For a large part of the 20th century, Virginia tried to maintain a white supremacist system based on the disenfranchisement of Black voters, elitist paternalism and a mythical “separation by consent” through which politically dominant whites tried to make the general public, especially African American citizens, believe that Blacks and whites had mutually agreed to segregation. This top-down, one-sided management of race relations in Virginia demanded Black deference to whites in all important matters, including education and economic advancement, and that Black citizens trust white powerbrokers to make various long-range societal improvements for African Americans. In exchange, white leaders would not unleash brutal physical violence against Black Virginians, the type prevalent in some other former Confederate states.
In the 1920s, Virginia’s white supremacist politicians decided more totalitarian-style rigid racial separation was necessary, so the General Assembly passed a series of racial purity laws. The legislation included the Racial Integrity Act of 1924, which reinforced earlier prohibitions against interracial marriage and defined a “white” person as someone with no “black blood” and no more than one-sixteenth of Native American “blood,” and the Public Assemblages Act of 1926, which required strict segregation at all venues for entertainment and public meetings.
The Board of Censors would cite such laws when regulating movies, such as when it banned the 1927 silent film, The House Behind the Cedars, by the pioneering African American filmmaker Oscar Micheaux, which featured a mixed-race woman trying to pass as white and who becomes engaged to a white millionaire. The censors ruled that the movie “at least indirectly contravenes the spirit of the recently enacted anti-miscegenation law which put Virginia in the forefront as a pioneer in legislation aimed to preserve the integrity of the white race.”
Several of Micheaux’s films ran afoul of the Virginia censors. In The House Behind the Cedars case, the board even convened a special screening with six other white men and women, including government officials, to help render a verdict. In his response, Micheaux pointed out the unfairness of not including any African Americans in the gathering.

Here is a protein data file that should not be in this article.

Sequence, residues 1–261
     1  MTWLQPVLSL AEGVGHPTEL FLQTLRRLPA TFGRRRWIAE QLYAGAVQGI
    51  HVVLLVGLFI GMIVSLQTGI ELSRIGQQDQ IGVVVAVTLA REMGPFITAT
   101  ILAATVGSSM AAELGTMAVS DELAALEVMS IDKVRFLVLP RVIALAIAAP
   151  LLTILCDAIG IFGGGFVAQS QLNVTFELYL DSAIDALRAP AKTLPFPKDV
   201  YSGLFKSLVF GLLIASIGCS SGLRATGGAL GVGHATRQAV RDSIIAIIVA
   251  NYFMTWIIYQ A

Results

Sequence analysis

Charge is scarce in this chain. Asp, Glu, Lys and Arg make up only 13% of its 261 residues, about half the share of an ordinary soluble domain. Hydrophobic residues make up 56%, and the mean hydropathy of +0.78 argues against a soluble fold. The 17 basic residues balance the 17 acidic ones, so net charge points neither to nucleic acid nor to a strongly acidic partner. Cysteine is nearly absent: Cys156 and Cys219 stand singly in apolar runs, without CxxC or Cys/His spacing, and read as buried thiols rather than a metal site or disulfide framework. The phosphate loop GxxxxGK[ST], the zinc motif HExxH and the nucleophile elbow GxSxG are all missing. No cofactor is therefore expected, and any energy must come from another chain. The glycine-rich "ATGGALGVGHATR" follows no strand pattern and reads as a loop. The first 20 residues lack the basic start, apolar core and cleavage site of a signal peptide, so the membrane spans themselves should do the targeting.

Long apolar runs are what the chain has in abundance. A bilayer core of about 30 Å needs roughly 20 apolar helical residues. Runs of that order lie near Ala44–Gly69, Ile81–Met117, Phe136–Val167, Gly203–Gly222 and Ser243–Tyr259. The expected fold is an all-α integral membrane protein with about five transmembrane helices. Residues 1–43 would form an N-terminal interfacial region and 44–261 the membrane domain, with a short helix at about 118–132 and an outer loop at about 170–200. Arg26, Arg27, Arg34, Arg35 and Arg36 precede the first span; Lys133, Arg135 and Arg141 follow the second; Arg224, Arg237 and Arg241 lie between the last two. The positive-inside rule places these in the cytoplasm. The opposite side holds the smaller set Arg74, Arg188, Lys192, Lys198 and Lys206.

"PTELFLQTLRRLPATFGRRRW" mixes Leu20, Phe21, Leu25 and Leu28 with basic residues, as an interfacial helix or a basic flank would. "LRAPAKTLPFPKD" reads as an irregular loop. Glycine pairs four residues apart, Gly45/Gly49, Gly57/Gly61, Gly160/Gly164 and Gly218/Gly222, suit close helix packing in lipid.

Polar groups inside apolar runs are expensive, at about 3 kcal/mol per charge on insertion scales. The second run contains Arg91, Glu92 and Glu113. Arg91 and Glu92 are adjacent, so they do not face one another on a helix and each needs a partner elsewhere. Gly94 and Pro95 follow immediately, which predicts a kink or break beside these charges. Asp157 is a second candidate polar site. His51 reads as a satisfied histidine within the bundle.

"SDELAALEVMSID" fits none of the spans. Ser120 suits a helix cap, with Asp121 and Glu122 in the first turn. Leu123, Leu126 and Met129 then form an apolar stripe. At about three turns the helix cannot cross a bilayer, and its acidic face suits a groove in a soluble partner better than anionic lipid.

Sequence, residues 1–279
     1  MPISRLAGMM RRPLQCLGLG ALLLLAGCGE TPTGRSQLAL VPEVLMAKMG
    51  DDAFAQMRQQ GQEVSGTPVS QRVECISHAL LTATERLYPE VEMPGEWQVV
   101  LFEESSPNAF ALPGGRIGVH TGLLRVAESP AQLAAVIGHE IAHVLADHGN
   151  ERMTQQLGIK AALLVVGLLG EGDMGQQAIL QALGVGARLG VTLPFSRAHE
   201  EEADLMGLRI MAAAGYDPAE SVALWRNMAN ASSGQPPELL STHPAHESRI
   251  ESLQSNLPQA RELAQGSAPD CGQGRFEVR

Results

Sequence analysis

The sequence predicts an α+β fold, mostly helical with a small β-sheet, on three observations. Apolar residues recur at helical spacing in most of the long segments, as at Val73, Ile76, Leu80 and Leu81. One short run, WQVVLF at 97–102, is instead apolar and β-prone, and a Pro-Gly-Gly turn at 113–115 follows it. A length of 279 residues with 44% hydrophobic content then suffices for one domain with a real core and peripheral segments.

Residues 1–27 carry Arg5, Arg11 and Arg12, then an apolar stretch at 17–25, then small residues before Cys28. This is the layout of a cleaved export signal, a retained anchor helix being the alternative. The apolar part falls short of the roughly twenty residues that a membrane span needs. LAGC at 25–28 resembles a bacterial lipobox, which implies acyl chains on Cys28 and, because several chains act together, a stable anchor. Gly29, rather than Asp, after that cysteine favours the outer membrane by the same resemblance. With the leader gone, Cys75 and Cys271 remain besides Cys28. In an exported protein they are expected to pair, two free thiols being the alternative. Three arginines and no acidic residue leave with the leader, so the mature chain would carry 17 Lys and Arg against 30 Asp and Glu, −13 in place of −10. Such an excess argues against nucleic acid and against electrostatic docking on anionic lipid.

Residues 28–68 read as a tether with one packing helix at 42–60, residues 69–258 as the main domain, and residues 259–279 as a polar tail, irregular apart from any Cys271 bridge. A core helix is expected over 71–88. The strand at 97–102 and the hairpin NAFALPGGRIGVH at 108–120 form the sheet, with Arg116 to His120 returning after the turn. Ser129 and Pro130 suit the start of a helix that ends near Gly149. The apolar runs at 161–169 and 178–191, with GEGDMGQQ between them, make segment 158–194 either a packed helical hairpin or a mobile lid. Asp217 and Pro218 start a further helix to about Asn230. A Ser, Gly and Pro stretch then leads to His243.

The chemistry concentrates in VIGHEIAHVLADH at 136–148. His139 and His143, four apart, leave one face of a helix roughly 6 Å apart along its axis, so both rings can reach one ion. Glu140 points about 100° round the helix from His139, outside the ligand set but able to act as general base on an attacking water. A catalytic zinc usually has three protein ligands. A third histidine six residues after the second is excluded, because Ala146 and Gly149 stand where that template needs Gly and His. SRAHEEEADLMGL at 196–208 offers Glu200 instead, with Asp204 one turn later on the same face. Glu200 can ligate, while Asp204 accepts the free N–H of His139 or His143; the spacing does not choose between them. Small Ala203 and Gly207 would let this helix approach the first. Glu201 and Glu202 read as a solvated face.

Micheaux and other African Americans also criticized the Virginia board for its double standard about whether a film might cause racial tension. The board rejected entire movies or demanded cuts from Micheaux, whose films depicted complex Black characters who mingled with whites and criticized white racism but did not take action against white supremacist cinema, such as the continual running of The Birth of a Nation, a silent movie that glorified the Ku Klux Klan and was re-released in the 1930s with sound.
From 1922 to 1966, the Virginia State Board of Censors and its successor, the Division of Motion Picture Censorship, reviewed more than 52,000 movies, mandating revisions or deletions to more than 2,000 for various reasons, and rejecting 157, with 38 of those eventually winning approval.
U.S. Supreme Court decisions eventually caused the demise of government censorship of movies, including a 1965 case, Freedman v. Maryland, that ruled that states could not ban films. While the Maryland State Board of Censors lasted until June 1981, the Virginia General Assembly repealed its creation of the Virginia Division of Motion Picture Censorship and stopped its funding effective June 30, 1966, according to the Library of Virginia.
That’s the day that the movie screen in Virginia’s censorship studio went permanently blank.
By Michael Knepler, who prepares periodic #tdih posts for the Zinn Education Project.